This is a problem from Mathematics for Computer Science book and the same MIT course.

You are given a series of envelopes, respectively containing $1,2,4,...,2^m$ dollars. Define

Property $m$: For any nonnegative integer less than $2^{m+1}$, there is a selection of envelopes whose contents add up to exactly that number of dollars.

Use the Well Ordering Principle (WOP) to prove that Property $m$ holds for all nonnegative integers $m$.

Hint: Consider two cases: first, when the target number of dollars is less than $2^m$ and second, when the target is at least $2^m$.

I see how it this can be proved by induction but got really stuck with proving it using WOP. For example, I consider a case when $n<2^m$. I look for contradiction => some number n which is not the sum of envelopes. 0,1,2 can be made from envelopes (ok, I have some doubts about $0$, but I ignore them for now) so $n>2$. Here I totally stuck: if I try (n-1) = sum, then I can't find a way to show than { (n-1) +1 = sum of envelopes } or find any contradiction.

Please, help!:)

  • 2
    $\begingroup$ What they probably want you to do is apply WOP to the set of $m$ for which Property $m$ fails and derive a contradiction if this set is non-empty. This is essentially Fermat's method of infinite descent and is basically just a form of proof by complete or strong induction. $\endgroup$ – Rob Arthan Jan 21 '18 at 20:51

After a lot of googling and considerations a have this idea:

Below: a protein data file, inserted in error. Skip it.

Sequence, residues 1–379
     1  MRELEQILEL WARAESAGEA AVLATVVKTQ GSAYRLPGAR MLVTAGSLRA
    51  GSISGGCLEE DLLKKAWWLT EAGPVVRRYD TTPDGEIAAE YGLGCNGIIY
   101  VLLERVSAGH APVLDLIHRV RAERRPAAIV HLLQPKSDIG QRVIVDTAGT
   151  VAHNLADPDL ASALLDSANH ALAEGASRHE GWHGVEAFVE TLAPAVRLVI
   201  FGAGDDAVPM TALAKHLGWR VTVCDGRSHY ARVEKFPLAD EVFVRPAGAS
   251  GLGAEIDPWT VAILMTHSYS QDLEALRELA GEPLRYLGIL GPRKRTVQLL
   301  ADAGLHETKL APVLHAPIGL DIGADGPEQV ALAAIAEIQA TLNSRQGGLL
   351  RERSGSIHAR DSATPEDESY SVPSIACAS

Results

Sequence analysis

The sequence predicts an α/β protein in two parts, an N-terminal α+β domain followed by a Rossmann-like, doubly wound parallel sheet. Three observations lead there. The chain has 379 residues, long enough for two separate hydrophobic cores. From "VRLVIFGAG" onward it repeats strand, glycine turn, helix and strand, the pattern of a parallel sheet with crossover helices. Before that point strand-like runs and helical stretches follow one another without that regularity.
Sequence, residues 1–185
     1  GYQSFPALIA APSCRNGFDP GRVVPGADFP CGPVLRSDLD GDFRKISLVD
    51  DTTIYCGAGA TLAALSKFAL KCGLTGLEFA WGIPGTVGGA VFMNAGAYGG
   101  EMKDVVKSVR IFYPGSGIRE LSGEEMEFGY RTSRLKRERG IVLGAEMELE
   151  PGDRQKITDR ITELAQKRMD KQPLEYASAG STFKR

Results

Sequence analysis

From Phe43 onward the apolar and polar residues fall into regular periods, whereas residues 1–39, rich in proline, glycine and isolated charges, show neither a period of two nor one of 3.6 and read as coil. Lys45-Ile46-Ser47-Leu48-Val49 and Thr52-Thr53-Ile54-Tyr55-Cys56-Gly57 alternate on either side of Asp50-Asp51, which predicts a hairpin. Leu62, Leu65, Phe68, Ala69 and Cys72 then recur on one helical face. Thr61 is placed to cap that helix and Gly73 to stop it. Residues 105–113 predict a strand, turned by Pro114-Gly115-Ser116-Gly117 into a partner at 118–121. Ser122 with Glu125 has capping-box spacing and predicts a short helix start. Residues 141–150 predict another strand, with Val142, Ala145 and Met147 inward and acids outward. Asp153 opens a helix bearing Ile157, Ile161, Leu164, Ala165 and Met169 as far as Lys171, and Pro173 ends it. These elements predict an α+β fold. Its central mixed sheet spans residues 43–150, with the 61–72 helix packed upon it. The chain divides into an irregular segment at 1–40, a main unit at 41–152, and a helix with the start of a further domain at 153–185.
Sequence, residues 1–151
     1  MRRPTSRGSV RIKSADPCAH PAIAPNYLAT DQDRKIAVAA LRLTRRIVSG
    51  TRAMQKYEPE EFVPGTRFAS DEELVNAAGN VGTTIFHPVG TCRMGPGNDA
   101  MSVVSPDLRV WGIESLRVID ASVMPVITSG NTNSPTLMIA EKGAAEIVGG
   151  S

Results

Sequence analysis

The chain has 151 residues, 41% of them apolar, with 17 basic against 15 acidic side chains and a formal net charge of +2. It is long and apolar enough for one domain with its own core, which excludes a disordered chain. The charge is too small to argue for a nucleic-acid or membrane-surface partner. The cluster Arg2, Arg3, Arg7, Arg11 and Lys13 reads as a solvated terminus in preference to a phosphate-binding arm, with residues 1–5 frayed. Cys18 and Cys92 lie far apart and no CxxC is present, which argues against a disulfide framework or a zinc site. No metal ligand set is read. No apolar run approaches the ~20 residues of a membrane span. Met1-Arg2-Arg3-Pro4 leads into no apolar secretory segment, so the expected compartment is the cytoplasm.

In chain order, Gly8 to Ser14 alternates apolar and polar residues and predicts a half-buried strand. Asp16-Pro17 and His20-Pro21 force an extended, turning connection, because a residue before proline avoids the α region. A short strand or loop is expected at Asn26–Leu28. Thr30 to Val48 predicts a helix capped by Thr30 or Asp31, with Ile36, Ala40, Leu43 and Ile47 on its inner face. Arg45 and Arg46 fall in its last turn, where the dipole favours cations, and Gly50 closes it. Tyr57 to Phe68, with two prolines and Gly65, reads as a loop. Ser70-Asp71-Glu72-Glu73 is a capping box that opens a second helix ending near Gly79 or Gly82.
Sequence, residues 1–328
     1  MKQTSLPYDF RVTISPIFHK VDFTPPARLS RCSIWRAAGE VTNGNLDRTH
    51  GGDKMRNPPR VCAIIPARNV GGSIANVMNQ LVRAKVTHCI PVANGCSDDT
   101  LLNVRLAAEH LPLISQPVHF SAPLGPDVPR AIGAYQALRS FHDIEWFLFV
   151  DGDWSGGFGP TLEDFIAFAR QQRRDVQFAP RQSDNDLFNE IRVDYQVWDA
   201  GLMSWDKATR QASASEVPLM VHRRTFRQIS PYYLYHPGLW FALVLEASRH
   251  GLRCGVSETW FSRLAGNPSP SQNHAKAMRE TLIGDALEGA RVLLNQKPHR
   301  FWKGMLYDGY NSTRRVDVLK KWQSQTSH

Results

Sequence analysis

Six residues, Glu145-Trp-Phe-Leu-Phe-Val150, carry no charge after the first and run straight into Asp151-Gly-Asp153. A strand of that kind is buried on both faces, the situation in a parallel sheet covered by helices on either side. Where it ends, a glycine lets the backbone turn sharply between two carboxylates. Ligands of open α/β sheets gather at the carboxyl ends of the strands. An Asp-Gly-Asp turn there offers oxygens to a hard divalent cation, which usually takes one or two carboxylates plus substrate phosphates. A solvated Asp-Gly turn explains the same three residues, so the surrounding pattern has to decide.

let $n$ be the minimum number that can't be expressed as the sum of envelopes. Choose the maximum $2^k$ which is still smaller than $n$. Then we have $y = n - 2^k, n = y + 2^k$. Now by cases: if $y$ is a sum of the power of 2 that $n$ is also the sum of powers(and $2^k > y$ so not included in $y$), else $y$ is not a sum, but then $n$ is not the smallest number.

Is it correct?

  • $\begingroup$ This is correct apart from one thing: perhaps $n = 0$, so we cannot choose any $2^k$ smaller than $n$. Of course, in this case the empty selection of envelopes adds up to $n$ - this should be mentioned in the proof, though. If you were to rewrite this as a proof by induction, it would become the base case for the induction. Typically, in a proof that uses WOP and contradiction like this, there are two cases: one for if the smallest bad number is as small a possible (so we have an immediate contradiction) and one when it is not (so we can make it smaller) $\endgroup$ – Carl Mummert Jan 22 '18 at 12:10

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